Same thing as a lien on your automobile, it means someone (Mr. Payne I presume) took out a loan against the locomotive and the bank really owns it since Mr. Payne is apparently unable to make payments on it. Were it a car, the bank would reposess it and sell it. I think the problem here is not so much because it's a locomotive, but because of it's condition auctioning it off is not likely to bring enough money to be worthwhile.

Which, in relative terms the scrap value on that engine isn't going to be much, less than a tenth of what's owed on it - I'm not sure what the engine weighs or what grade of steel it would be considered, but it's better grade than what scrap automobiles are considered and those are in the $200/ton range as of this writing, so if you assume double that on 100 tons you get $40,000. Of course cut up (IE "processed") it's worth more than that - that's how scrap buyers make their money - but still doesn't bring it up to the debt amount.

The bank may look at it as a case of where waiting it out may be better for them - even if he can sell it for half his asking price that would be better than auctioning it and only getting scrap price, then subtracting auction costs, repo costs, legal fees, etc. and then still trying to collect the balance from the debtor down the road.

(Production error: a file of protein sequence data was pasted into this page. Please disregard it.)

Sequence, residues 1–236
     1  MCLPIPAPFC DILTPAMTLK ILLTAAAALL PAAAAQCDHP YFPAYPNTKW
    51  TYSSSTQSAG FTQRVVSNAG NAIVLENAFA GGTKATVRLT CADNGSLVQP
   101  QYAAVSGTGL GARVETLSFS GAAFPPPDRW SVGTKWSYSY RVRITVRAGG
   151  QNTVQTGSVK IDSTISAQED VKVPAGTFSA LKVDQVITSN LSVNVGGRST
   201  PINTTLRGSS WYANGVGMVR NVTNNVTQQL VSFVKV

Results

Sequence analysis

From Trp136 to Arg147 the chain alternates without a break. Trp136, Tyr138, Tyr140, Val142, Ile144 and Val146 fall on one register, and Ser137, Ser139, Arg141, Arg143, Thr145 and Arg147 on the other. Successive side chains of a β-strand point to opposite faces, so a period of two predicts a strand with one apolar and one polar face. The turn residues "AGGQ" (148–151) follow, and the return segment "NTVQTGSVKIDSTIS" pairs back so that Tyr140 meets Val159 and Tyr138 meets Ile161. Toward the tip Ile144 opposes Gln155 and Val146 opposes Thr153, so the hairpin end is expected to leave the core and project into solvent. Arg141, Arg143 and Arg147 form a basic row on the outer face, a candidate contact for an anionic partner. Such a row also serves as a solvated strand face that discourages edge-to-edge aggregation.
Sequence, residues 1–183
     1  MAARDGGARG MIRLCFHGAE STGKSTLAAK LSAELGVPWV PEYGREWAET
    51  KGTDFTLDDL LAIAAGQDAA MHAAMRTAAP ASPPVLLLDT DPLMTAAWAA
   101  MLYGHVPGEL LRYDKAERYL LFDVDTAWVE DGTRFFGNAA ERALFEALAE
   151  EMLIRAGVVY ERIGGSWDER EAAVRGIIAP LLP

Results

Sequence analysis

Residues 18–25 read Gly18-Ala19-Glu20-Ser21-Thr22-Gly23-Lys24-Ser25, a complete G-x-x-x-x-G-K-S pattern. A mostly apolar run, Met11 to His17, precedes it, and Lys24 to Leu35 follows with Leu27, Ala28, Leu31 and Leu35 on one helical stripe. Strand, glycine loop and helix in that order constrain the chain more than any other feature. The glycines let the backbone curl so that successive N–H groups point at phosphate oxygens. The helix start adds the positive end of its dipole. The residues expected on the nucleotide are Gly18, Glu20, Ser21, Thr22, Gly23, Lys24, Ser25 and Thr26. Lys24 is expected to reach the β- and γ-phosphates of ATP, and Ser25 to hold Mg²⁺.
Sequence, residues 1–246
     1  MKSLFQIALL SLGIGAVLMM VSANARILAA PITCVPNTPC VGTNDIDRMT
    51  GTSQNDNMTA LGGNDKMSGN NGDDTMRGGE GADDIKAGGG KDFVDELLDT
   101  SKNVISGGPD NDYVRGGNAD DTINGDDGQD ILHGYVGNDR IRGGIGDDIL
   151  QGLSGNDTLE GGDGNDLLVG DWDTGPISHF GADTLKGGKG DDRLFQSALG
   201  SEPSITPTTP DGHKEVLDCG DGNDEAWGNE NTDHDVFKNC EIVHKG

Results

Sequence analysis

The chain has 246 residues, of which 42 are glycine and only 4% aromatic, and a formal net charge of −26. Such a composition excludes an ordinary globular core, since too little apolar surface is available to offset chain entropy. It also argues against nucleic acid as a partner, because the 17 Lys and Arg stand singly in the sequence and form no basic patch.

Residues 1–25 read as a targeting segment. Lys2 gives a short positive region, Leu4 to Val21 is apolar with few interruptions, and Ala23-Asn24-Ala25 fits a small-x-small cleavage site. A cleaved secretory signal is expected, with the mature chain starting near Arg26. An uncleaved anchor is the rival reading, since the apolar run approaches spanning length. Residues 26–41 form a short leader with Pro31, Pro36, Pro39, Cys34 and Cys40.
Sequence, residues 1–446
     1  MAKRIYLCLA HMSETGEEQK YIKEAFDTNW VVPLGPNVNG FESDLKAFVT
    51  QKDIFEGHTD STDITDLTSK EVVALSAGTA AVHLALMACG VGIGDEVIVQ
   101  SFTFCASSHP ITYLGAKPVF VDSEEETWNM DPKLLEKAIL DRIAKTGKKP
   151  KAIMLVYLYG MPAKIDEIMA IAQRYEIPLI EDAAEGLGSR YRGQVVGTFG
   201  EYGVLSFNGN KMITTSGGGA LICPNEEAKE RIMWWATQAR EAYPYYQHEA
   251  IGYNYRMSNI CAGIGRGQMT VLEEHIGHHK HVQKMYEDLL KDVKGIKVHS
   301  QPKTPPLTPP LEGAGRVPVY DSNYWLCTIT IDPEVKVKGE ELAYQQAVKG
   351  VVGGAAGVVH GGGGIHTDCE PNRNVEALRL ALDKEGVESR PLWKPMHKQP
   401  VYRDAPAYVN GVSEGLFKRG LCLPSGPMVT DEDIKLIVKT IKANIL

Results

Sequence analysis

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Re: Reading 2100 steam locomotive status

Postby RDGTRANSMUSEUM » Tue Feb 22, 2011 9:21 am

The condition of 2100 is excellent ready to go,fully certified,according to Mr.Payne. He invited anyone seriously interested to fly out and inspect anytime. Mr. Payne is quite knowlegable on the T's and the stoker will be included in the deal. It(stoker) is currently on display? in Canada.
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Re: Reading 2100 steam locomotive status

Postby daylight4449 » Tue Feb 22, 2011 10:41 am

Then i can only hope that Mr. Payne/the bank would be willing to deal.
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Recent pictures of the 2100

Postby jrevans » Sun Feb 26, 2012 4:27 am

Here are some recent pictures of 2100 in 2012. (Lots of 2's, 1's and 0's there, eh?)

http://www.advrider.com/forums/showthread.php?t=765929

According to what I've read over at RYPN, the status is still the same though. Mr. Payne still owns it and wants to run it again, and there seems to be real mechanical boiler issues.
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Re: Reading 2100 steam locomotive status

Postby lvrr325 » Sun Feb 26, 2012 8:09 pm

FWIW, the price of scrap keeps climbing with no stopping in sight, what was $200 when I made that last post is now $350 or better.